Natural gas drops most in 2 weeks as supply gain tops forecasts

Natural gas futures fell the most in two weeks in New York after a government report showed that a U.S. stockpile increase exceeded forecasts.

Gas fell as much as 3.8% after the Energy Information Administration said inventories rose 99 billion cubic feet in the week ended May 10 to 1.964 trillion. Analyst estimates compiled by Bloomberg showed a gain of 95 billion.

“This is the third consecutive weekly miss so the injections are coming in higher than expected,” said Teri Viswanath, director of commodities strategy at BNP Paribas SA in New York. “We may find ourselves back above the $4 watermark by the end of the day. Right now the weather maps appear warm.”

Natural gas for June delivery fell 13.4 cents, or 3.3%, to $3.936 per million British thermal units at 11:29 a.m. on the New York Mercantile Exchange. If the market settles there it would be the biggest one-day decline since May 2. Futures trading volume was 37% above the 100-day average for the time of day. Prices are up 17% this year.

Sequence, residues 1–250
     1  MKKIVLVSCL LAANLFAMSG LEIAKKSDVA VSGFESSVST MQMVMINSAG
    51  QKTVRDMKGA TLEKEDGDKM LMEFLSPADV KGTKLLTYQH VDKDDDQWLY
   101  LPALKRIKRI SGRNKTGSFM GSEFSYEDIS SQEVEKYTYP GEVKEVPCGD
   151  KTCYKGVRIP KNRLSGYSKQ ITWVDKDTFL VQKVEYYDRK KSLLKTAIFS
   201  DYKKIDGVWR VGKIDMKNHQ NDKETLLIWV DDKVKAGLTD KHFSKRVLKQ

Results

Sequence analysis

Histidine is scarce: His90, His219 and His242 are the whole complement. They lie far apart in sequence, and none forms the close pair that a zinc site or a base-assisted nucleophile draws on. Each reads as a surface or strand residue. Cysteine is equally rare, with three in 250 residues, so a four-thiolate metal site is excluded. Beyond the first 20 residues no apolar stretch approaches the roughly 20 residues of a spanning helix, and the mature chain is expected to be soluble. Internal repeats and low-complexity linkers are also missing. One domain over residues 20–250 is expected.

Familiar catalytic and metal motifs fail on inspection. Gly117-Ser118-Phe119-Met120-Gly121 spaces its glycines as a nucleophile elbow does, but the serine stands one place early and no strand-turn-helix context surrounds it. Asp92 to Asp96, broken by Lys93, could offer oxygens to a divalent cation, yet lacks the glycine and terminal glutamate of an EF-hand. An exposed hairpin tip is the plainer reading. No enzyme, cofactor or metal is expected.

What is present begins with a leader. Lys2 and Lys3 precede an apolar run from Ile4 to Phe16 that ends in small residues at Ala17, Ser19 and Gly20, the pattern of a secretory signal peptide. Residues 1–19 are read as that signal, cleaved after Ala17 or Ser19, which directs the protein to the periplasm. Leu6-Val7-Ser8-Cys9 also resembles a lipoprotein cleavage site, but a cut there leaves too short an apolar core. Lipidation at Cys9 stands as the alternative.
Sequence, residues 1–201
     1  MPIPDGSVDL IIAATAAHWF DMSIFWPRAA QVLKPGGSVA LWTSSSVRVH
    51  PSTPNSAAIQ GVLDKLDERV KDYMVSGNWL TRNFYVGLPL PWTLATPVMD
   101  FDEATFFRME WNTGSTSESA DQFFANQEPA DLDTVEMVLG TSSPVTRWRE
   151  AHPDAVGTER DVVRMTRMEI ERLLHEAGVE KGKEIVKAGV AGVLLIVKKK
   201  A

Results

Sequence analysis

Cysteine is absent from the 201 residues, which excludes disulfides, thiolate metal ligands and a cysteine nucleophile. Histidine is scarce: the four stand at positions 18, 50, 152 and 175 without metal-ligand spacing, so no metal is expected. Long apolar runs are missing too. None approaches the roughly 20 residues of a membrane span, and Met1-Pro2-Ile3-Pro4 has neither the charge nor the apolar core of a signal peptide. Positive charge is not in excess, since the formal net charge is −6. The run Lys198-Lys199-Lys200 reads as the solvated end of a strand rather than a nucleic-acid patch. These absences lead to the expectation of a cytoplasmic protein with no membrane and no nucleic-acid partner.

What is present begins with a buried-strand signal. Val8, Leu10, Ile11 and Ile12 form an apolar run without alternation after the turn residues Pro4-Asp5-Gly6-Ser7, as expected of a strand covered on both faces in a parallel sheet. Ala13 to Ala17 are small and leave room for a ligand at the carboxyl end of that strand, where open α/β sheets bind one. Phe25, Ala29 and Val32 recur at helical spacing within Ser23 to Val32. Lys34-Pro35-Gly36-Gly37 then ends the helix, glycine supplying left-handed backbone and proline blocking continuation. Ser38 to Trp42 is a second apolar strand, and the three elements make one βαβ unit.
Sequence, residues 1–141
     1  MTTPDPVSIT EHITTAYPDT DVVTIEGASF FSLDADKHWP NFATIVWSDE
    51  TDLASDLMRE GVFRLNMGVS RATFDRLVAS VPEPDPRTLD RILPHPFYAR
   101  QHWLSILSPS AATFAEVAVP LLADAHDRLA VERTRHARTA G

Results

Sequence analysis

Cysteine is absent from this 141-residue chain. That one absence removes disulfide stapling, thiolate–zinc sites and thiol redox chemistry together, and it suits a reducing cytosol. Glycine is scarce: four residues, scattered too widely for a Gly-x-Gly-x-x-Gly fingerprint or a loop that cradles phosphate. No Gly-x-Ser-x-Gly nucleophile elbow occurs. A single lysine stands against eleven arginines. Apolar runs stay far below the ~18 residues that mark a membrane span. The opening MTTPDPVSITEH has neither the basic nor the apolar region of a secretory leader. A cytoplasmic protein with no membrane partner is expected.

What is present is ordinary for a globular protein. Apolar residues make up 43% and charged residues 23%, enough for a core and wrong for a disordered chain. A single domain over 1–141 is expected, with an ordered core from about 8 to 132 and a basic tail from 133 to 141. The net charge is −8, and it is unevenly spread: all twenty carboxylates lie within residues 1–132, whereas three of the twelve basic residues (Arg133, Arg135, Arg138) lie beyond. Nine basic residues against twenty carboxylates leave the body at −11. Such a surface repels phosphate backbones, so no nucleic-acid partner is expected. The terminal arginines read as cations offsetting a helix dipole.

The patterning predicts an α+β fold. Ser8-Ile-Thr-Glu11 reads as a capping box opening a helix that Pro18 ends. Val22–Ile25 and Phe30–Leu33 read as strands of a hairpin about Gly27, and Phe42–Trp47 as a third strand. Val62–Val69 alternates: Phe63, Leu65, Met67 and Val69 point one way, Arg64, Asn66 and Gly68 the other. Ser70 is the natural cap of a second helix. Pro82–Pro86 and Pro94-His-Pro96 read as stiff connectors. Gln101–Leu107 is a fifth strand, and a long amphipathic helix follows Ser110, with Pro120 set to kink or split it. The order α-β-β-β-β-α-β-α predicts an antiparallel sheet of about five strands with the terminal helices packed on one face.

June $4.80 calls were the most-active option in electronic trading. They were unchanged at 0.2 cent per million Btu on volume of 5,028 at 11:19 a.m. June $4.30 calls were the next- most active, falling 2.1 cents to 0.8 cent on volume of 905. Calls accounted for 63% of trading.

Implied volatility for at-the-money options expiring in June was 30.57% at 11:15 a.m., down from 32.58% yesterday. Volatility for July options was 31.17%, compared with 32.31% yesterday.

Contract Spreads

The discount of June to October contracts, a measure of summer supply expectations, widened 1.4 cents to 8.8 cents. The discount of October to January contracts widened 1.5 cents to 32.3 cents.

Natural gas has slumped 11% since touching a 21-month high of $4.444 per million Btu on May 1 after the peak heating-demand season, extended by the coldest April since 1997, drew to a close. Prices had surged into early spring as a supply deficit to the five-year average hovered near a record low.

The stockpile increase last week was larger than the five-year average gain for the week of 83 billion cubic feet, department data show. A deficit to the five-year average narrowed to 4.1% from 5% the previous week. Supplies were 26.1% below year-earlier inventories, compared with 28.3% in last week’s report.

Commodity Weather Group LLC predicted that above-normal temperatures in central and eastern states over the next five days will give way to a cool front from May 21 through May 25. The heat may return to the central U.S. at the end of the month, the Bethesda, Maryland-based forecaster said.

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